September 25, 2013
Trolling through the City Blog of the Times, I came across two interesting articles that ended up neatly intersecting last week. The first was about a British rock climber, Gareth “Gaz” Leah (above), who had written a book about climbing in Manhattan. NYC Bouldering has over three hundred routes or “problems,” and you can do them all without leaving the island. This is squarely within my strike zone of Nature-Meets-Metropolis.
I tracked Gaz down and he agreed to show me a couple of his favorite spots (definitely going in my next book). I thought he might also be the guy to solve a riddle in the other City Blog article, this one about an artist named Kevin Sudeith, creator of lovely and bizarre carvings in Manhattan rock. Sudeith calls these carvings “modern petroglyphs”—that’s to say, rock art with symbolic or even religious overtones. Squarely within my other strike zone of Metropolis-Meets-Ancient.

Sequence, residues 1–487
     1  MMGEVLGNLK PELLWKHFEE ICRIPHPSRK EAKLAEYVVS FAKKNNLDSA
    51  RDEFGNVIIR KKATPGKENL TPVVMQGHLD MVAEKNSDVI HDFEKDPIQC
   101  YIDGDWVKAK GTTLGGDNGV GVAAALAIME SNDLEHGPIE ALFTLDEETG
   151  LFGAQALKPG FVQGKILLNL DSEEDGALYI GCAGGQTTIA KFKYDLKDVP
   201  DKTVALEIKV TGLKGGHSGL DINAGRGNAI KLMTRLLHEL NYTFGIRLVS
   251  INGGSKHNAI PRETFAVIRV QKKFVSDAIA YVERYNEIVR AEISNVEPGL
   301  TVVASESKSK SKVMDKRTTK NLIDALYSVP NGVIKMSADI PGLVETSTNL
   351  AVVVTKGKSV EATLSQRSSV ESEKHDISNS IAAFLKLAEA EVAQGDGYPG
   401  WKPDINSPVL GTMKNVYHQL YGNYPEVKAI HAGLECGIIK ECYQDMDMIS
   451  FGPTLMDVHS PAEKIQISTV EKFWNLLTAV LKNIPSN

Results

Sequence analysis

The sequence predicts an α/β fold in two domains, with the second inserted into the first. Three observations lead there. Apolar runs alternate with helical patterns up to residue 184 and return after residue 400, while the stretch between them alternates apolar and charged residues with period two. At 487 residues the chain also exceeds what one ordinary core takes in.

The article doesn’t give the exact location of the carvings per Sudeith’s wishes, and out of deference neither will I. Because I know where the carvings are, now. All I did was swipe up the above photo from the article on my phone and Gaz said, immediately, “I’m ninety-nine percent sure where that is.” Then he drove me to an unfriendly stretch of expressway banked by schist cliffs where, among other stuff, we saw discarded syringes. Gaz was dead right, and I’m doubly a happy writer.